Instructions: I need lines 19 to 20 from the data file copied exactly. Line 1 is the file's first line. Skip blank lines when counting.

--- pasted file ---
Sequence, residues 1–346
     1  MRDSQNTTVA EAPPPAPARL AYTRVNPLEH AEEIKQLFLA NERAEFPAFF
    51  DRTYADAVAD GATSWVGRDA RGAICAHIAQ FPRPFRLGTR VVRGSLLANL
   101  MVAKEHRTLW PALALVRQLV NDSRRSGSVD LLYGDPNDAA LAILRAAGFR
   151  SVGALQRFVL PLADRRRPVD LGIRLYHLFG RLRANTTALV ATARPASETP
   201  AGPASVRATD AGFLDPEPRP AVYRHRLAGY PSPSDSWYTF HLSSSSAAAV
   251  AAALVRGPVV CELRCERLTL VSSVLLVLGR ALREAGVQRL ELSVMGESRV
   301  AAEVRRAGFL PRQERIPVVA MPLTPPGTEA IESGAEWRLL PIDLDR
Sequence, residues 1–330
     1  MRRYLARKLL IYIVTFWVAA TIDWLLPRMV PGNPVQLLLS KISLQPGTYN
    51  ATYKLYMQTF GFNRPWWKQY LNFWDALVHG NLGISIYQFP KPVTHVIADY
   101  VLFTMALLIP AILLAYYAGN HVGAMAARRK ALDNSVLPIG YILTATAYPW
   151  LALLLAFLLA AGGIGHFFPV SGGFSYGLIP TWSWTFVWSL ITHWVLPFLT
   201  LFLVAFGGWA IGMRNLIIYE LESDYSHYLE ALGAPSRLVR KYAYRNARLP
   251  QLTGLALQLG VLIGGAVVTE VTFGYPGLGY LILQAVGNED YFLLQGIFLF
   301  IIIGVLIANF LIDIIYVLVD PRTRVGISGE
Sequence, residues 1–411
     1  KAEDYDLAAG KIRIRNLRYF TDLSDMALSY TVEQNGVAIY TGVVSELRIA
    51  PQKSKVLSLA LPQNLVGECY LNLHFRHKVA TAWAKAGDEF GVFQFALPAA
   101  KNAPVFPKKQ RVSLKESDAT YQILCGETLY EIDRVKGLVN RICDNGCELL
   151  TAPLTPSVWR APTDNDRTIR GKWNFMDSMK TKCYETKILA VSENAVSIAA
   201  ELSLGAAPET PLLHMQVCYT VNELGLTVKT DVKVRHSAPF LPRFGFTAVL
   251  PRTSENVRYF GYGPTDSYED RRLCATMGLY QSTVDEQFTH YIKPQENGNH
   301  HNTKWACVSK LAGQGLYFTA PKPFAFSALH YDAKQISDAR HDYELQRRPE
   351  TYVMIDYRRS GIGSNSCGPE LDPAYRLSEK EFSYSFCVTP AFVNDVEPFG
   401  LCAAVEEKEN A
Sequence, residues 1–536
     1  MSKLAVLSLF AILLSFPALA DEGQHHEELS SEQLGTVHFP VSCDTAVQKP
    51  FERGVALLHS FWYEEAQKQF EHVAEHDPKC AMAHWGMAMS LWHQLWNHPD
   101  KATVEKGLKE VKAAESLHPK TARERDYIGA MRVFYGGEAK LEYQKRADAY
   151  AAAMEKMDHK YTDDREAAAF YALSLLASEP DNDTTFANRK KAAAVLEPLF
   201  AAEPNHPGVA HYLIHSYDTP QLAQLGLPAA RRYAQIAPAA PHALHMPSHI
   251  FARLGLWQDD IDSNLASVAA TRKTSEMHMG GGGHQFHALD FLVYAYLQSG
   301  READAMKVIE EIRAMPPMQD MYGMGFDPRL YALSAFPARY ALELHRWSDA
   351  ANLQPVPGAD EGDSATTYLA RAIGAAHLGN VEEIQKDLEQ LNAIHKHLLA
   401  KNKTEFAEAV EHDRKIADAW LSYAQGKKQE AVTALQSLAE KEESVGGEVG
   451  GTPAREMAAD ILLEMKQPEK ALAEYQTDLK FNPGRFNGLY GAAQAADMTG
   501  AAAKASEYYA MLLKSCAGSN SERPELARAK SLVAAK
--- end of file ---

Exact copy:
    51  PQKSKVLSLA LPQNLVGECY LNLHFRHKVA TAWAKAGDEF GVFQFALPAA
   101  KNAPVFPKKQ RVSLKESDAT YQILCGETLY EIDRVKGLVN RICDNGCELL